Somatic mutations binding to the patient's MHC and recognized by autologous T cells (neoepitopes) are ideal cancer vaccine targets. They combine a favorable safety profile due to a lack of expression in healthy tissues with a high likelihood of immunogenicity, as T cells recognizing neoepitopes are not shaped by central immune tolerance. Proteins mutated in cancer (neoantigens) shared by patients have been explored as vaccine targets for many years. Shared (“public”) mutations, however, are rare, as the vast majority of cancer mutations in a given tumor are unique for the individual patient. Recently, the novel concept of truly individualized cancer vaccination emerged, which exploits the vast source of patient-specific “private” mutations. Concurrence of scientific advances and technological breakthroughs enables the rapid, cost-efficient, and comprehensive mapping of the “mutanome,” which is the entirety of somatic mutations in an individual tumor, and the rational selection of neoepitopes. How to transform tumor mutanome data to actionable knowledge for tailoring individualized vaccines “on demand” has become a novel research field with paradigm-shifting potential. This review gives an overview with particular focus on the clinical development of such vaccines. Clin Cancer Res; 22(8); 1885–96. ©2016 AACR.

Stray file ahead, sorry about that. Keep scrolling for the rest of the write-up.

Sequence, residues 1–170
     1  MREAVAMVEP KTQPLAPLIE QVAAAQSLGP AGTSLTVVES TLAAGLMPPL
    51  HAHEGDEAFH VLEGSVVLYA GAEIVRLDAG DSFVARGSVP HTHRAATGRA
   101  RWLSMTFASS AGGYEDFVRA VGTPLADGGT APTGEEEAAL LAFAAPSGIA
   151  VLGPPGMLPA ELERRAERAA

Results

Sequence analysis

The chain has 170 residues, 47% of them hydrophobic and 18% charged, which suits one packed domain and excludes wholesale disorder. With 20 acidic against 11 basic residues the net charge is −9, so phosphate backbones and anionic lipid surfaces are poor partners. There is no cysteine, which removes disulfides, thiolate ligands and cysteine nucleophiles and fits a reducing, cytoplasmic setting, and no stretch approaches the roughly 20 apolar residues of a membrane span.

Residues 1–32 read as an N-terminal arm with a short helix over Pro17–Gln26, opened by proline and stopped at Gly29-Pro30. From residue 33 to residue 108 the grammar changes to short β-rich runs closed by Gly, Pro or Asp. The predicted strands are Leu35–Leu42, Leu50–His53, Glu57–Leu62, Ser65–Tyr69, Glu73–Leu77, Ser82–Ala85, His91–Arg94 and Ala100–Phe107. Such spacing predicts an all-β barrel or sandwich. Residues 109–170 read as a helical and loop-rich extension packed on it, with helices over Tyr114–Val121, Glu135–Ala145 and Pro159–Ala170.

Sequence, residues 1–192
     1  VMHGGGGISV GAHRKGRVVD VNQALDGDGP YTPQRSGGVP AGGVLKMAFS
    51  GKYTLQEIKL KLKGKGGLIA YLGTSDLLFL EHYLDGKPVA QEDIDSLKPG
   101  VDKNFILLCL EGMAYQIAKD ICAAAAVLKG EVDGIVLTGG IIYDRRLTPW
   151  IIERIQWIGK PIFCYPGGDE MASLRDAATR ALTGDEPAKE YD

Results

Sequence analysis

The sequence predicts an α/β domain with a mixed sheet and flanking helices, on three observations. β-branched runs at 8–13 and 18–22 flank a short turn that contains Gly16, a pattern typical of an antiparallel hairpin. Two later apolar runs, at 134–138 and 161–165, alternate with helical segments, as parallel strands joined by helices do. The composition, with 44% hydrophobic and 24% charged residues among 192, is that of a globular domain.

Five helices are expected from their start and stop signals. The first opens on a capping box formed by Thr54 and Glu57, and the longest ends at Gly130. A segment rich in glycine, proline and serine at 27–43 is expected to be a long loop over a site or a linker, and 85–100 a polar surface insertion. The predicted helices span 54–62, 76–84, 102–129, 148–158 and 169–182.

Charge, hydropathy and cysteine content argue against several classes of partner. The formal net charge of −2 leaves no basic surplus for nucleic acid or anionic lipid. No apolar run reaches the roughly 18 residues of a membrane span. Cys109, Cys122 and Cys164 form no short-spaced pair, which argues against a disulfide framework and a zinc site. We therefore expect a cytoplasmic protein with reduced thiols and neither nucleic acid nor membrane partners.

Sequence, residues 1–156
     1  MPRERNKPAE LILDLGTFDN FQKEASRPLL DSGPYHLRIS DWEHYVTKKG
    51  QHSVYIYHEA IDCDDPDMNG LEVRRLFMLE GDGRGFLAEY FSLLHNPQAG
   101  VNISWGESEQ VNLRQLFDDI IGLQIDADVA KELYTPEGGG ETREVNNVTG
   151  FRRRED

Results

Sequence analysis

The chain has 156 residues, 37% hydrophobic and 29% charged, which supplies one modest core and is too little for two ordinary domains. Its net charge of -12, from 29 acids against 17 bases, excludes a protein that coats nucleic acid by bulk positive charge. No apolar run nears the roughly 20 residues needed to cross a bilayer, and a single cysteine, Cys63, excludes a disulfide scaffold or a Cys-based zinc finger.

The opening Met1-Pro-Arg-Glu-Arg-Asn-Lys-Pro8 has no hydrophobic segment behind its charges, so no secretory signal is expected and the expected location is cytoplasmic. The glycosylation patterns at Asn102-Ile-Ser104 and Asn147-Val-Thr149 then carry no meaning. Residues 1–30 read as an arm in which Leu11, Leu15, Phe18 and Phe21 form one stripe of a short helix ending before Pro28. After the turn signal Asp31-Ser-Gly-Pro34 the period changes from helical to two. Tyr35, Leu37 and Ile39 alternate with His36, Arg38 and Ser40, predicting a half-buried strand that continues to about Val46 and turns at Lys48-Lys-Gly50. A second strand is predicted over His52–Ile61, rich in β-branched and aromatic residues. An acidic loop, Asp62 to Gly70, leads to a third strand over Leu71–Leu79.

See all articles in this CCR Focus section, “Opportunities and Challenges in Cancer Immunotherapy.”
- Received December 2, 2015.
- Revision received February 21, 2016.
- Accepted February 23, 2016.
- ©2016 American Association for Cancer Research.